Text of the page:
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Developments to Watch
Sleeping on the Right Side of the Brain
A STUDY PUBLISHED IN THIS WEEK'S ISSUE OF NATURE gives new meaning to the phrase "sleeping on the job." Sleep researchers at Indiana State University say most birds have evolved the ability to sleep with one eye open and one half of their brains awake, a phenomenon called unihemispheric sleep. According to Niels C. Rattenborg, the study's lead researcher, this means the birds can get much needed rest while simultaneously watching out for lurking dangers.
To understand when, and why, birds sleep this way, Rattenborg's team videotaped resting mallard ducks. They found that when the ducks were arranged in a row, the end ducks spent three times longer in unihemispheric sleep than their center neighbors. Also, the end ducks controlled which side of the brain slept and which side stayed awake, orienting their open, wakeful eyes toward perceived threats and away from the other ducks. Measurements of brain-wave activity confirmed the behavioral studies, proving a one-to-one correspondence between open eyes and wakeful brains. Can humans sleep like this? Unfortunately not, although Rattenborg says that some sleep disorders, like sleepwalking, may have their roots in unihemispheric sleep.EDITED BY ELLEN LICKINGReturn to top
Fluorescent Lights Get a Green Glow
FLUORESCENT LIGHTS ARE CHEAP, EFFICIENT, AND BRIGHT. But because they contain mercury, a highly toxic gas that damages the environment, they are far from perfect. Now, in this week's Science, researchers from Utrecht University in the Netherlands report an important advance in the quest for a "greener" fluorescent light.
Turning on a fluorescent lamp involves more than flipping a switch. It requires both particle physics and chemistry to do the job. When electricity passes through the mercury-filled tube, the liquid vaporizes and emits ultraviolet (UV) light particles called photons. Next, phosphors, crystals on the inner walls of the tube, absorb the UV light and re-emit the energy to make white light.
Replacing the mercury inside the tube with an inert gas like xenon would bypass the current environmental hazards, but the stumbling block has been the phosphors. The current crystals can't efficiently transfer the energy from the xenon-produced photons to make visible light. So the Dutch researchers, led by Andries Meijerink, searched for new phosphors and discovered two that work together to emit red light.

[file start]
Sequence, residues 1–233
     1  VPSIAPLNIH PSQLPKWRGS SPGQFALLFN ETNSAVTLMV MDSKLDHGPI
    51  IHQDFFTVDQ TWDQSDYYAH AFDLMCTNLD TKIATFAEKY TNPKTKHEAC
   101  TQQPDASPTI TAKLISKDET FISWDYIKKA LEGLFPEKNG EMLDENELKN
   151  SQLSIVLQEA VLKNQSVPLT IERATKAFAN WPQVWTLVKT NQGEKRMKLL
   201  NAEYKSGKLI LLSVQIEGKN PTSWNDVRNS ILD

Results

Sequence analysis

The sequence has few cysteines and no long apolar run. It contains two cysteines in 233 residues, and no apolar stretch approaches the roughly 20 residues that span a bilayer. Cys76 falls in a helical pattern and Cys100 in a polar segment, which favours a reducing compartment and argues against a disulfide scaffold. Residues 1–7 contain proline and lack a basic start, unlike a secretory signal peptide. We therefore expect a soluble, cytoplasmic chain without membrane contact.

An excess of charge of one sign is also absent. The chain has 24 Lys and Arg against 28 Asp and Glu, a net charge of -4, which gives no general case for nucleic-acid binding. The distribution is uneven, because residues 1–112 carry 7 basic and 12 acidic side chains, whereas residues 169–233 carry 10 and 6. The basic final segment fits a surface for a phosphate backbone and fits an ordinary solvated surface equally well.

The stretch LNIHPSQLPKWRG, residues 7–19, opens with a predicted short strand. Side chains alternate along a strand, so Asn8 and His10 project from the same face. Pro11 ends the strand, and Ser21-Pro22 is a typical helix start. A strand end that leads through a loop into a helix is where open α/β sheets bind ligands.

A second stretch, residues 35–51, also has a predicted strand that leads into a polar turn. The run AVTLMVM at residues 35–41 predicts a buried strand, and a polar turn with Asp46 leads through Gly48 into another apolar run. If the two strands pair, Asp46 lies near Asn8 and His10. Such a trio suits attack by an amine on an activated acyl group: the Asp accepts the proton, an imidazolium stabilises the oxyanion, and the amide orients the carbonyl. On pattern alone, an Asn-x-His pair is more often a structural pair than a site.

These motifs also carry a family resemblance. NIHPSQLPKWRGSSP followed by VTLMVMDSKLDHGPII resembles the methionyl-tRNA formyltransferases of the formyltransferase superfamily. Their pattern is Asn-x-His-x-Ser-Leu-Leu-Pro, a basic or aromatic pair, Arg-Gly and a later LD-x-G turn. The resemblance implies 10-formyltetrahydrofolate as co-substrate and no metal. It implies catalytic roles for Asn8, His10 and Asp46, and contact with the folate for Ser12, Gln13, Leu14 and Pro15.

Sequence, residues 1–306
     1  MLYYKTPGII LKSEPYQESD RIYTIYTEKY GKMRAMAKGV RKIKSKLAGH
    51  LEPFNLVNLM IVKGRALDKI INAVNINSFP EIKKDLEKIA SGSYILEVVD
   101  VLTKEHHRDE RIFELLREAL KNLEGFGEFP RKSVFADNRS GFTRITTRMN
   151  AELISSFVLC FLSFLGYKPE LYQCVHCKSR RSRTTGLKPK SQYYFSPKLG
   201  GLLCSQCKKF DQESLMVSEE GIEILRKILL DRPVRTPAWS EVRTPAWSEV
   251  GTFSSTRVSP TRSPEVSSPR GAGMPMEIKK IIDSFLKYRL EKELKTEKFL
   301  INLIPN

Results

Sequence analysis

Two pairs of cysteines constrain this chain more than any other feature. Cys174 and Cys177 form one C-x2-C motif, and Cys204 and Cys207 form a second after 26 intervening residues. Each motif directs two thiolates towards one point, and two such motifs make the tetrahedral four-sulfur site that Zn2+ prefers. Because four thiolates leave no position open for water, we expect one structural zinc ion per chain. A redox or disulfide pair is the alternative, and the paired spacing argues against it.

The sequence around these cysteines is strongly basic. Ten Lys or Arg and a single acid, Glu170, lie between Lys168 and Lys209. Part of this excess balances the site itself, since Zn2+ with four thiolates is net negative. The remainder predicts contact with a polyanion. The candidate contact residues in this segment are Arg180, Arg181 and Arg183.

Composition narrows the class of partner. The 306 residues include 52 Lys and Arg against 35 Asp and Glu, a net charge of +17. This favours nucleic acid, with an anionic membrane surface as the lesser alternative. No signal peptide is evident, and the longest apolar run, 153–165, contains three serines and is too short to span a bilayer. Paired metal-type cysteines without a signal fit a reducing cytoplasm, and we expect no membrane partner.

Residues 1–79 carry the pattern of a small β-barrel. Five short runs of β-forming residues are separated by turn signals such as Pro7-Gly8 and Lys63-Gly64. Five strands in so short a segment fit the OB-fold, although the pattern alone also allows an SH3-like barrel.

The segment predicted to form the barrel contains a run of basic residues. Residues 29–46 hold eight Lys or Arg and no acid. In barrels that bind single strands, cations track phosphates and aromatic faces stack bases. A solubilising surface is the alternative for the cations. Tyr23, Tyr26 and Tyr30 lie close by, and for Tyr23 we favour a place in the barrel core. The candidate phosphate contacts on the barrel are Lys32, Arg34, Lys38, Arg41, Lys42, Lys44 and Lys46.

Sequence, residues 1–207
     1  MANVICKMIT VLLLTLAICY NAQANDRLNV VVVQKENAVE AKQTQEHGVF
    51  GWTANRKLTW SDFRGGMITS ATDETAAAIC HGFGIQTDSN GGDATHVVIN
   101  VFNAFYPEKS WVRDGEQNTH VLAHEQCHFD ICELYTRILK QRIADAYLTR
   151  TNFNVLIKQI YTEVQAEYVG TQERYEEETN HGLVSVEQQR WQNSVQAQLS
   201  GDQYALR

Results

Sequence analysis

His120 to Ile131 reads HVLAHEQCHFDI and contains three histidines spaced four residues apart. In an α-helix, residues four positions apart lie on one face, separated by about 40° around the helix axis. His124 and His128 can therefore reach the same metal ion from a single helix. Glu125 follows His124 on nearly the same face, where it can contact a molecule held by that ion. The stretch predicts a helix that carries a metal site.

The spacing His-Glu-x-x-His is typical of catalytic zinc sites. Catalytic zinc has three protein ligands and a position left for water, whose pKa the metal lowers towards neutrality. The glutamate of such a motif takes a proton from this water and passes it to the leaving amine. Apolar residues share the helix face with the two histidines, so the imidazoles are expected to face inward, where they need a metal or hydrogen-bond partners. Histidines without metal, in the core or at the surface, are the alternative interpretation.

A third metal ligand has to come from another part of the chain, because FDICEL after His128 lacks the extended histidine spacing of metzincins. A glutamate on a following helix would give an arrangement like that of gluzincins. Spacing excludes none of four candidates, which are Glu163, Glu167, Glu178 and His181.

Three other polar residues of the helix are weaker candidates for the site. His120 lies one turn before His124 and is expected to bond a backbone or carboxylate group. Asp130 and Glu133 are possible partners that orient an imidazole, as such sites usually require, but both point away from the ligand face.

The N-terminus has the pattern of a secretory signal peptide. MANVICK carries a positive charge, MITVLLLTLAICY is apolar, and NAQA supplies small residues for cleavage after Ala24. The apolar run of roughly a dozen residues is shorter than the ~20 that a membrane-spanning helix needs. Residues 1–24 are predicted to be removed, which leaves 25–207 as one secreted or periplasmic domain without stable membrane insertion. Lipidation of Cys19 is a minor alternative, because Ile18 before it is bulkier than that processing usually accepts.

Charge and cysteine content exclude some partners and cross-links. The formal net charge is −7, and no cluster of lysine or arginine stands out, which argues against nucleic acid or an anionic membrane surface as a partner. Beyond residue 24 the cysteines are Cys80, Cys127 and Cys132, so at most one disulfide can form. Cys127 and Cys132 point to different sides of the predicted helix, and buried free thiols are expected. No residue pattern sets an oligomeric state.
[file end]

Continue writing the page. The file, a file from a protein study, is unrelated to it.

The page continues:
Because plain red light isn't useful in most commercial settings, Meijerink is currently hunting for phosphors that emit green and blue photons, which can be used in combination with the red photons to create white light. Meantime, Royal Philips is helping the Dutch group optimize the new phosphors for future commercial applications.EDITED BY ELLEN LICKINGReturn to top
AIDS Drugs May Rehabilitate the Immune System
SOME POWERFUL DRUGS ARE KEEPING THE AIDS VIRUS UNDER CONTROL in thousands of patients. And the fact that certain immune cells, called CD4 cells, increase in number after drug treatment suggests that patients' immune systems have at least partly recovered. But doctors worry that recovering immune systems might still be vulnerable to diseases like Pneumocystis carinii pneumonia (PCP), one of the many so-called opportunistic infections that strike AIDS victims. That's why physicians continue to recommend taking medicine to prevent these infections.
Researchers in Madrid and Barcelona decided to find out what happens when patients call a halt to preventive treatment. The researchers recruited 332 people infected by the HIV virus whose CD4 cell counts had gone up after taking anti-AIDS drugs. Roughly half of them continued to take drugs to prevent PCP. The other half went without.
The results, reported on Feb. 4 at the 6th Conference on Retroviruses & Opportunistic Infections in Chicago, were dramatic. Although AIDS patients are extremely susceptible to PCP infections, none of the study participants came down with the disease during the six-month investigation.
Experts were encouraged by the findings. Dr. Constance A. Benson, the vice-chairman of the retroviral meeting's scientific program committee, says that there is now a growing body of evidence suggesting "that with potent anti-retroviral therapy, people can recover some immune function, which can protect them against opportunistic disease."EDITED BY ELLEN LICKINGReturn to top